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Thursday, 14 September 1911

Senator BARKER (Victoria) .- I cannot see any objection to the clause in its present form. It only empowers the master of a vessel to remove persons who may be regarded as objectionable characters. We all know that at every port the gangways from ships rest upon the wharfs, and those wharfs are often frequented by disreputable persons, any one of 'whom; might render himself objectionable by going on board a ship .or by getting a small boat and remaining near to it. As the Minister has very properly reminded us, a great deal of petty smuggling goes on from ships. How is it possible to prevent that in the absence of such a provision as the one under consideration? A similar law obtains in the various States, and it has not been found to inflict any injustice. If a person can offer any reasonable excuse for his presence on board a vessel, it will be accepted.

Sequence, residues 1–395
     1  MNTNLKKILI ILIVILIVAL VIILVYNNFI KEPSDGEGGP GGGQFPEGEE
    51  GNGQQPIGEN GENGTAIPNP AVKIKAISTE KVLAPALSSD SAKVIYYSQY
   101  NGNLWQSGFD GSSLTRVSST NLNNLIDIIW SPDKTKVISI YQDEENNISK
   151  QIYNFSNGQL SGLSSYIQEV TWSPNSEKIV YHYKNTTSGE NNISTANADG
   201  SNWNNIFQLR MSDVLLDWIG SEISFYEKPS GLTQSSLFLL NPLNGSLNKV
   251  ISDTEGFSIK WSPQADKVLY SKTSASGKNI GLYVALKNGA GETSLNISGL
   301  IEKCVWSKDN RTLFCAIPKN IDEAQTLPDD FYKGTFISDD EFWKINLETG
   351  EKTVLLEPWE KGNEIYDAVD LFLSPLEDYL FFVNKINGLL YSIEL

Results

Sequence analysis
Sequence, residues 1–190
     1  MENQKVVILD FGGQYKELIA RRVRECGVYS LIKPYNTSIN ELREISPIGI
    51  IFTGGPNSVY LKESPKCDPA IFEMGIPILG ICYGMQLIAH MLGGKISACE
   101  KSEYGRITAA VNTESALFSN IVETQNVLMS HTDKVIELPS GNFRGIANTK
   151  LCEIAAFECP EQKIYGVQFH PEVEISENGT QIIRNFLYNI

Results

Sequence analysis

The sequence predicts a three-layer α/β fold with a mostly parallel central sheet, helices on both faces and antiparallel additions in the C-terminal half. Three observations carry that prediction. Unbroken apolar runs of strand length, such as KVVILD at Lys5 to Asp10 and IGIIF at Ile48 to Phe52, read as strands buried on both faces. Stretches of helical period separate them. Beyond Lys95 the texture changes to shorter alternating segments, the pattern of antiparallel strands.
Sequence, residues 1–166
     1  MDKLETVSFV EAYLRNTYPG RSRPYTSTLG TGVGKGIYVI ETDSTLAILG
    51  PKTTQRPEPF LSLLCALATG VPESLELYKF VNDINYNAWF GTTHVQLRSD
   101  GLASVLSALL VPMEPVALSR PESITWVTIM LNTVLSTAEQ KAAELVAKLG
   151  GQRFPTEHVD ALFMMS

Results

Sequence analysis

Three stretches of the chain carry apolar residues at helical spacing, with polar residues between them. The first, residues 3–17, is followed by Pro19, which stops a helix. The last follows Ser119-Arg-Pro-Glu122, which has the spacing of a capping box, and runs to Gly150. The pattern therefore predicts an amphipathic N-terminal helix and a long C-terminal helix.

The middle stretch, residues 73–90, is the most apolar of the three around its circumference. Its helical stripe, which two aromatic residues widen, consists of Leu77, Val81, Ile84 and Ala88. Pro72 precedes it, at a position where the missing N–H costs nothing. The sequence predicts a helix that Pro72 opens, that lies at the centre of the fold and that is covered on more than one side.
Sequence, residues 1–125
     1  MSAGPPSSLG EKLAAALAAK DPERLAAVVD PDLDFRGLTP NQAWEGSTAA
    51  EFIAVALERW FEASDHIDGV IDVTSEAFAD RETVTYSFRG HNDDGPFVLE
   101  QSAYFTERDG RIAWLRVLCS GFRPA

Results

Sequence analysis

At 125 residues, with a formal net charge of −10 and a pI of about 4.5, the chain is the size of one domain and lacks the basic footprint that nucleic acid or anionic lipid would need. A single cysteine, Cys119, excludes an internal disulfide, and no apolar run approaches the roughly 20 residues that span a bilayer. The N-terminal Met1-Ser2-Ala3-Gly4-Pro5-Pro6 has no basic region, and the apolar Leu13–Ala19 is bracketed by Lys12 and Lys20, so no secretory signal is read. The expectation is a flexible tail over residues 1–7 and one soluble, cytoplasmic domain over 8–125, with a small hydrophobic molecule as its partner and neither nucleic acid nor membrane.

Senator Rae - But, according to this clause, he cannot go near a vessel without rendering himself liable.

Senator BARKER - Yes, he can. The master of a ship will not use his fog-horn to notify a man that he is approaching too closely. We cannot trespass upon another man's property ; if we do, we must pay the penalty. The same principle should operate here.

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